Can't explain the difference test loss vs train loss

Hi, Thanks in advance for looking into my question.
let me first describe the problem:

I have designed a very simple network to classify mnist dataset.
I have refactor as much as possible and make a clean code.
so everything ran smoothly and I would get good results on train and validation set.
until I read that If you are using dropout in your modules, then you have to use net.train() in training phase, and net.eval() when in testing.

so I added the changes in my code. now, I can’t explain test loss vs train loss.
train loss is fine, and is decreasing steadily as expected. but test loss is way much lower than train loss from the first epoch until to the end and does not change that much!
this is so weird, and I can’t find out what I am doing wrong.

for your reference I have put the loss and accuracy plots during epochs here:



following, I will upload my entire code.


import torch
import torch.nn as nn
import torch.optim as optim
import torchvision
import torchvision.transforms as transforms
import matplotlib.pyplot as plt

Defining Network (Custom nn.Module)

class Flatten(nn.Module):
    def forward(self, x):
        batch_size = x.size()[0]
        return x.view(batch_size, -1)

class Net(nn.Module):
    def __init__(self):
        super(Net, self).__init__()
        self.conv1 = nn.Conv2d(1, 6, 3)
        self.conv2 = nn.Conv2d(6, 16, 5)
        self.maxpool = nn.MaxPool2d(2, 2)
        self.relu = nn.ReLU()
        self.flatten = Flatten()
        self.dropout = nn.Dropout(0.25)
        self.fc1 = nn.Linear(256, 64)
        self.fc2 = nn.Linear(64, 10)

    def forward(self, x):
        x = self.maxpool(self.relu(self.conv1(x)))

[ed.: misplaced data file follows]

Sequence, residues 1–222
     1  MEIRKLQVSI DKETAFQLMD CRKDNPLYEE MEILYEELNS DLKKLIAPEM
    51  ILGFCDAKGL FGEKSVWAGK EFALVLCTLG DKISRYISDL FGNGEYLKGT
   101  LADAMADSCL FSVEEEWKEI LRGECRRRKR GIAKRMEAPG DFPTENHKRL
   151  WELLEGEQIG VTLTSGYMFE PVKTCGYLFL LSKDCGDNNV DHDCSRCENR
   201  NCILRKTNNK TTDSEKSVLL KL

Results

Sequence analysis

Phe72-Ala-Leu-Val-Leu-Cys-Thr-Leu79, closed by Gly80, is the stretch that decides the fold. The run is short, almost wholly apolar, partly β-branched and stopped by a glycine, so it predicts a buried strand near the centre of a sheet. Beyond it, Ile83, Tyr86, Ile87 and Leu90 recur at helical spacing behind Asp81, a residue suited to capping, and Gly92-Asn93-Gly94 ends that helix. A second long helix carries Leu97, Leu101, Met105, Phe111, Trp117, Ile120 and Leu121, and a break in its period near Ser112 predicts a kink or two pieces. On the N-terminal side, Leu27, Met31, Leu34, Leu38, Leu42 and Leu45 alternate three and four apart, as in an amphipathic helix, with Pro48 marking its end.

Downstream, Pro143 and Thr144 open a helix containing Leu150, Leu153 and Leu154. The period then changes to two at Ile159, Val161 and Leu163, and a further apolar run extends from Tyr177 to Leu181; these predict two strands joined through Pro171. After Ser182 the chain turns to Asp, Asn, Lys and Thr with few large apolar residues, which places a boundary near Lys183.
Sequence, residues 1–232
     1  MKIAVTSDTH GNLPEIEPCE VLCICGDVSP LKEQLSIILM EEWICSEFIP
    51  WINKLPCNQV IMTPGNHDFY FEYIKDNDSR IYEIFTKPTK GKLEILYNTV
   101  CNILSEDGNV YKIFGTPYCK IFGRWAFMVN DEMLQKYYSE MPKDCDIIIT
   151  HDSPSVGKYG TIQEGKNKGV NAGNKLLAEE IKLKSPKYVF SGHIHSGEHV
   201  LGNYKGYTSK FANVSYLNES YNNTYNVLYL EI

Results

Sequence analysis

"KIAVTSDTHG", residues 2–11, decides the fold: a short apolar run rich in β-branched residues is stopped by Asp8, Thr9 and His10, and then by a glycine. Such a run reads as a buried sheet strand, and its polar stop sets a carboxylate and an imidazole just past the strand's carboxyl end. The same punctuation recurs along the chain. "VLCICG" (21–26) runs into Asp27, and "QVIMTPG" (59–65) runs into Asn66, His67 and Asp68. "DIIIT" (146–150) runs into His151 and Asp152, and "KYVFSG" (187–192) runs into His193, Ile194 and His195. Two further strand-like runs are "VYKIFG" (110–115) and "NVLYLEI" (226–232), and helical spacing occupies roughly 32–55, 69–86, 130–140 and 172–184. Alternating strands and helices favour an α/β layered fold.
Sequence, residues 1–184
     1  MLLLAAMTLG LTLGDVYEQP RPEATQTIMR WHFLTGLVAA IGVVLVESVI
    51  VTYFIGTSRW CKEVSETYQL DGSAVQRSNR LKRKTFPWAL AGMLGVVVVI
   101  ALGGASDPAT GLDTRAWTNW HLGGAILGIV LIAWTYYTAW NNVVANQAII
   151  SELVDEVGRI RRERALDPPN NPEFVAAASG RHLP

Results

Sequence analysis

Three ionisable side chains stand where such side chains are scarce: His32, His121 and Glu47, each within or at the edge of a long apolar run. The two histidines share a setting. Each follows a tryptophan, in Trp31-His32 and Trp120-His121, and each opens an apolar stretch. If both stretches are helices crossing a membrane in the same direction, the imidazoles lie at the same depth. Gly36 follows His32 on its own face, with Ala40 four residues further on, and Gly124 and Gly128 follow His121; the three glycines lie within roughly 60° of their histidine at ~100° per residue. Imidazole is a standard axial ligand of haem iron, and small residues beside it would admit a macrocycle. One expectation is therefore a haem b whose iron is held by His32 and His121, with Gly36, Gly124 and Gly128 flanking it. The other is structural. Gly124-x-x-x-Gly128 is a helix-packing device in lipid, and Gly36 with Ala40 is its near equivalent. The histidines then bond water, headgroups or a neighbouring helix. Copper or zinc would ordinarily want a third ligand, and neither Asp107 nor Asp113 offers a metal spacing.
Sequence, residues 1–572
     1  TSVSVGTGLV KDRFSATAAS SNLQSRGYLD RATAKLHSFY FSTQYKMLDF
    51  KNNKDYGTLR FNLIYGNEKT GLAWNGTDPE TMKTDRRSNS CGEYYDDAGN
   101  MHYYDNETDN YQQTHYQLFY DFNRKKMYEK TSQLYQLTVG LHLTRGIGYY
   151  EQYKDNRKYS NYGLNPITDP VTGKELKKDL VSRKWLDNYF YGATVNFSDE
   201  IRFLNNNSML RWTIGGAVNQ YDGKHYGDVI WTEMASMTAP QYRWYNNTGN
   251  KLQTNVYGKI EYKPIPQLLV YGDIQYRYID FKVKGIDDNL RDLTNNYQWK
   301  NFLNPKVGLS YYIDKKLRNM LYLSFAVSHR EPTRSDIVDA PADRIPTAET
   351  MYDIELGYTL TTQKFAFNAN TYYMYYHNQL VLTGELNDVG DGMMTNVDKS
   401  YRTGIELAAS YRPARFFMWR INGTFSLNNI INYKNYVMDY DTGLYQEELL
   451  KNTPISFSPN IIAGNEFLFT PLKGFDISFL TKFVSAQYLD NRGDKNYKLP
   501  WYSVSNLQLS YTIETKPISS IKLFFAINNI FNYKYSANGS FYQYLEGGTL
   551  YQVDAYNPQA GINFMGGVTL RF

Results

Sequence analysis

x = self.maxpool(self.relu(self.conv2(x)))
        x = self.flatten(x)
        x = self.relu(self.dropout(self.fc1(x)))
        x = self.dropout(self.fc2(x))
        return x

Problem Class

this class, contains the logic of training and validation. this is just for cleaner code.

class Problem:
    def __init__(self, net, criterion, opt, device): = net
        self.criterion = criterion
        self.opt = opt
        self.device = device
    def count_correct(self, y_pred, y):
        return torch.sum(torch.argmax(y_pred, dim=1)==y)
    def predict(self, X):
    def train(self, trainloader, epochs, testloader=None, verbose=1):
        losses = []
        accs = []
        test_losses = []
        test_accs = []
        for epoch in range(epochs):
            correct_predictions = 0
            total_loss = 0

            for i, data in enumerate(trainloader):
                X, y = data[0].to(self.device), data[1].to(self.device)
                y_pred =
                loss = self.criterion(y_pred, y)

                correct_predictions += self.count_correct(y_pred, y).item()
                total_loss += loss.item()

            total_loss /= len(trainloader)
            correct_predictions /= (len(trainloader)*trainloader.batch_size)

            if testloader is not None:
                test_loss, test_acc = self.validate(testloader)
            if verbose == 1 and testloader is not None:
                print("Epoch: {}; Loss: {}; Acc: {}; Test Loss: {}; Test Acc: {}"
                                          .format(epoch, total_loss, correct_predictions, test_loss, test_acc))